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AP Interview: Nicaragua opposition leader sees long road

By GABRIELA SELSERSeptember 19, 2019
Nicaraguan opposition activist Felix Maradiaga, center, stands at attention as the national anthem is sung during a press conference in Managua, Nicaragua, Wednesday, Sept. 18, 2019. Maradiaga who was accused of terrorism by the government of President Daniel Ortega, returned on Monday to Nicaragua from self-imposed exile and said that he will not abandon his country ever again. (AP Photo/Alfredo Zuniga)
Nicaraguan opposition activist Felix Maradiaga, center, stands at attention as the national anthem is sung during a press conference in Managua, Nicaragua, Wednesday, Sept. 18, 2019. Maradiaga who was accused of terrorism by the government of President Daniel Ortega, returned on Monday to Nicaragua from self-imposed exile and said that he will not abandon his country ever again. (AP Photo/Alfredo Zuniga)

MANAGUA, Nicaragua (AP) — Opposition leader Félix Maradiaga said Thursday after returning to Nicaragua from 14 months in exile that he will not leave again, even though he believes President Daniel Ortega has imposed a “peace of the graveyard.”

In an interview with The Associated Press, the 43-year-old political scientist and academic said he intends to focus on organization and unity of the opposition movement, which has been unsuccessful in its attempts to get Ortega to leave office after protests and a deadly crackdown last year.

“I came to stay,” Maradiaga said, “and work from the grassroots.”

Maradiaga was director of the Institute for Strategic Studies and Public Policies, a non-governmental research and leadership training organization, when the government accused him of “financing terrorism” in the demonstrations which erupted in April 2018.

A judge ordered his arrest and he fled with his family to the United States. On Monday he flew to Nicaragua, where police waited at the airport but he was not detained.

He came back “to continue the civic struggle from within,” said Maradiaga, a leader of the Blue and White National Unity movement.

“I do not want the regime to manipulate my arrival to make people think that there is peace in Nicaragua, because what there is, is a peace of the graveyard,” Maradiaga said.

Thousands of Nicaraguans fled the country’s political crisis, during which 328 protesters were killed, over 2,000 wounded and hundreds jailed, according to the Inter-American Commission on Human Rights.

Ortega officials have repeatedly called opposition protesters “terrorists” and consider the demonstrations tantamount to an attempted coup.

On Wednesday, Maradiaga said, he was followed on the streets of the capital, Managua, by five armed people on motorcycles whom he identified as “Ortega fanatics.”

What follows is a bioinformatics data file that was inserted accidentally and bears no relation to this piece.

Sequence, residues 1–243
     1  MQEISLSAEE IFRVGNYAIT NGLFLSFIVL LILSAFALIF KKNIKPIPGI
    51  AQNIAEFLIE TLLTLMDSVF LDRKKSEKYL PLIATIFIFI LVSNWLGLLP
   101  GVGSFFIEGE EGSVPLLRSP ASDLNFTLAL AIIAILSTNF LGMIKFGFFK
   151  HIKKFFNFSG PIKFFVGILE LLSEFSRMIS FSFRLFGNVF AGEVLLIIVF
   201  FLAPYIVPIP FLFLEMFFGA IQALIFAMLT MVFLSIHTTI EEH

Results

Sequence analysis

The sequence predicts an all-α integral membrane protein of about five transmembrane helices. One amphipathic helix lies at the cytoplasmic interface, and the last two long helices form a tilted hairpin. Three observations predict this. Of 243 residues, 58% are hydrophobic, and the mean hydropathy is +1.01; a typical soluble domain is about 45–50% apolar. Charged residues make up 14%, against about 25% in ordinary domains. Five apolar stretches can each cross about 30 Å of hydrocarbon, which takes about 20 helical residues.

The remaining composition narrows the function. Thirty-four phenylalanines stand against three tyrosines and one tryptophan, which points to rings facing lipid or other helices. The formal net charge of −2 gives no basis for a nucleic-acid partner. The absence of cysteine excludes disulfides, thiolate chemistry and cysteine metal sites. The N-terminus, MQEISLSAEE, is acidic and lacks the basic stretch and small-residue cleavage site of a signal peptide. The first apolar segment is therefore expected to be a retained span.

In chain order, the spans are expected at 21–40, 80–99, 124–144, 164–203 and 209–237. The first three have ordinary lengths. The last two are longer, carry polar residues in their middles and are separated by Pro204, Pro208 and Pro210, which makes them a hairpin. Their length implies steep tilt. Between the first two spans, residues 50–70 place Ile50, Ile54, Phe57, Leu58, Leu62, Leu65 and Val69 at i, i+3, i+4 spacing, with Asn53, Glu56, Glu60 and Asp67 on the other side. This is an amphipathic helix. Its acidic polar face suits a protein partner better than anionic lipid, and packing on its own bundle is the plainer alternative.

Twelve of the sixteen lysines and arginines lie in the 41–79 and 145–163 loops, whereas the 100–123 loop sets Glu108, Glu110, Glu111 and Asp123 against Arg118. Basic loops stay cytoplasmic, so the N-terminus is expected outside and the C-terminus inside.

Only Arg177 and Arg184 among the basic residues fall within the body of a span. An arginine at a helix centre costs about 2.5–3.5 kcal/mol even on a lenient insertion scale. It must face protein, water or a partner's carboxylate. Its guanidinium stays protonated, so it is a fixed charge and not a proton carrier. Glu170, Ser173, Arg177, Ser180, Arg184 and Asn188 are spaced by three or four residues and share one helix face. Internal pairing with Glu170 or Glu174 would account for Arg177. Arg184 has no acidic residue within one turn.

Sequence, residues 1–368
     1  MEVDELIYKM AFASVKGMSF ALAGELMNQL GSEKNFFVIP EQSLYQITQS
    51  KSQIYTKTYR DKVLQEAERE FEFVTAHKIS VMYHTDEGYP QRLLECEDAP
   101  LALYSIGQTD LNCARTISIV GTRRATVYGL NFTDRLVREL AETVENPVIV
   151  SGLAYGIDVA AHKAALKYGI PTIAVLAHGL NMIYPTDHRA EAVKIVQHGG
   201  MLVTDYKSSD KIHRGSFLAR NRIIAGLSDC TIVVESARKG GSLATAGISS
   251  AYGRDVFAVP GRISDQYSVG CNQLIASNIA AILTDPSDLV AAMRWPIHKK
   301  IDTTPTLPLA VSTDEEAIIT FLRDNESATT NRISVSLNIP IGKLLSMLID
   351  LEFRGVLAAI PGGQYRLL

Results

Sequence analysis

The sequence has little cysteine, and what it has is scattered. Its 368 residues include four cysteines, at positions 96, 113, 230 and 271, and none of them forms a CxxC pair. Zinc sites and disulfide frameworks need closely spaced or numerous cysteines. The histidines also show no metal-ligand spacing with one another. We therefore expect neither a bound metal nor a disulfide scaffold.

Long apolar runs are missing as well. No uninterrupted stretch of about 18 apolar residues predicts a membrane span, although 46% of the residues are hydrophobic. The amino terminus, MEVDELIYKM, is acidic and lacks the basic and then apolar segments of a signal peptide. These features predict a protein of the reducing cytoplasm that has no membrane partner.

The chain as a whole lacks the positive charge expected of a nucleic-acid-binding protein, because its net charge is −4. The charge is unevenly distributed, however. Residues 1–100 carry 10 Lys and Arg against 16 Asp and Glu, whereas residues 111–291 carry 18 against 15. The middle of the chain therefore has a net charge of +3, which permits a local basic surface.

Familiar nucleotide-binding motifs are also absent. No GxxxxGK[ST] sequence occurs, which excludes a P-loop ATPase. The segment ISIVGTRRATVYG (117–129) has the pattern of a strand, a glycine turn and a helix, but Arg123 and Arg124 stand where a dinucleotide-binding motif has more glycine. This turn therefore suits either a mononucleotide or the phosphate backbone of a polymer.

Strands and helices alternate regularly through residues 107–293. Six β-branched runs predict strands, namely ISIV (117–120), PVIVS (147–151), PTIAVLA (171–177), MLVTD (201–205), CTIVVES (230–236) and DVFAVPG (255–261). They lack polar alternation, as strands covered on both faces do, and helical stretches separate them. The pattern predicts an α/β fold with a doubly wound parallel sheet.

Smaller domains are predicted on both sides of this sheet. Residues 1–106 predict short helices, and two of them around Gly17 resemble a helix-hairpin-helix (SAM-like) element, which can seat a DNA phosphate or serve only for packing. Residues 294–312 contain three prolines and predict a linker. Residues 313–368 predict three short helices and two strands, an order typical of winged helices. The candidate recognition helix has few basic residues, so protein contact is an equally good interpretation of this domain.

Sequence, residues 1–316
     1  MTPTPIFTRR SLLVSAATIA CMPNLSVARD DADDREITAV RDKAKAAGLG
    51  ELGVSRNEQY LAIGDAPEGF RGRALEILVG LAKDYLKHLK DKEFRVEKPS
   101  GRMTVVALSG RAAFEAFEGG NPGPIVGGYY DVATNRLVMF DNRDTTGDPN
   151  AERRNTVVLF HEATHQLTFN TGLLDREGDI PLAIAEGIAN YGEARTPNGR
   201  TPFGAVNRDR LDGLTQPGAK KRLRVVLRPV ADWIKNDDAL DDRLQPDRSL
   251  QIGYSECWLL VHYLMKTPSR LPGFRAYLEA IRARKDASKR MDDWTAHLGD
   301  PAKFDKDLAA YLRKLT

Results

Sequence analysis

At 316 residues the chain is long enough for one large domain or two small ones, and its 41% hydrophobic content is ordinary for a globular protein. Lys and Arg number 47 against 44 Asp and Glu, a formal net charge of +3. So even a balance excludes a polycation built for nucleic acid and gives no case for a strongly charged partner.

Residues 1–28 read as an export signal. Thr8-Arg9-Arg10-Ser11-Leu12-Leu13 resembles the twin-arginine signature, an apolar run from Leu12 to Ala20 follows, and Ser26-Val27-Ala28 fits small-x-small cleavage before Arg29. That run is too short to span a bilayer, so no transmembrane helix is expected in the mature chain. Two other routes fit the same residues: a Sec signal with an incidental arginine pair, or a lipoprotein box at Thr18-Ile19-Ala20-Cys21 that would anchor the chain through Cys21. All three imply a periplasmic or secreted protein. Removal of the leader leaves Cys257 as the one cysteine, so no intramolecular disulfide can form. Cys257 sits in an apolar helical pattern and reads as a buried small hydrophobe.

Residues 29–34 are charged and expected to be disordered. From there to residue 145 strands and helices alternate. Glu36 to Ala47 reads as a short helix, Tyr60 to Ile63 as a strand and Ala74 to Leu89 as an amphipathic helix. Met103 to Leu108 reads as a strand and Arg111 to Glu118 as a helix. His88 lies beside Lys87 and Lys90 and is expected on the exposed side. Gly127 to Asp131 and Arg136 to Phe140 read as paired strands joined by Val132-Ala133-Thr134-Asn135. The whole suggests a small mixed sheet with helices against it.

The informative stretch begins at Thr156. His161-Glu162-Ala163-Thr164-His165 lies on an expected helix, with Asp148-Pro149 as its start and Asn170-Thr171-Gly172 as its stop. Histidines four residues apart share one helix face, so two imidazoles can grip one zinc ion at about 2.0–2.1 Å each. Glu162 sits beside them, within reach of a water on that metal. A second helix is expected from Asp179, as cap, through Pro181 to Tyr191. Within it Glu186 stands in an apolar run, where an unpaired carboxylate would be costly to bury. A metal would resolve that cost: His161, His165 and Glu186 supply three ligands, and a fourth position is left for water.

“What they did to me today is just a sample of the terror that thousands of farmers are living in rural areas,” he said.

Maradiaga first went into exile at age 12 in the 1980s, a time when his family splintered between those who favored Ortega’s Sandinista party and those who opposed it.

“My options were either to join the ‘Contra’ (anti-Ortega rebel movement) or to join the army, so they sent me into exile,” Maradiaga said.

He crossed into the United States, spent time in a refugee camp and then was placed with a foster family, he said.

Maradiaga returned to Nicaragua in 1990 after Ortega was voted out of the presidency, though he subsequently went back to the U.S. to study at Yale and Harvard.

Speaking about the current crisis, Maradiaga insisted on the need for a peaceful solution.

“At no moment will we endorse an exit that considers violence as the alternative, since that only hurts the poorest,” he said.

As for the opposition’s demand that elections scheduled for 2021 be moved forward, Maradiaga called that a secondary issue and doubted that Ortega will ever agree.

“The fundamental thing is to re-establish freedoms and achieve a profound electoral reform,” he said. “If that is not achieved, early elections would not make any sense.”

He is to be part of an opposition delegation that will travel to meet next week with an Organization of American States commission that Ortega’s government barred from entering Nicaragua.

Maradiaga said international pressure is important, “but it will not save us.” He sees organization and unity as keys to avoiding what he called “another Venezuela.”

“We cannot repeat the errors of our Venezuelan brothers: focusing on individual leaders and strictly electoral plans,” Maradiaga said. Instead, he wants to see the opposition “working for unity, everyone pulling the cart in the same direction.”

Mentioned as a possible presidential candidate, he said he has not had time to think about that, and he believes the opposition should come to power under a transitional political leader, unlike the traditional presidential model.

“I have always been pessimistic about short-term solutions, and I truly believe that the road will not be easy, it will be long and narrow,” Maradiaga said. “The most likely scenario is that the elections will not be moved up and will be in 2021.”

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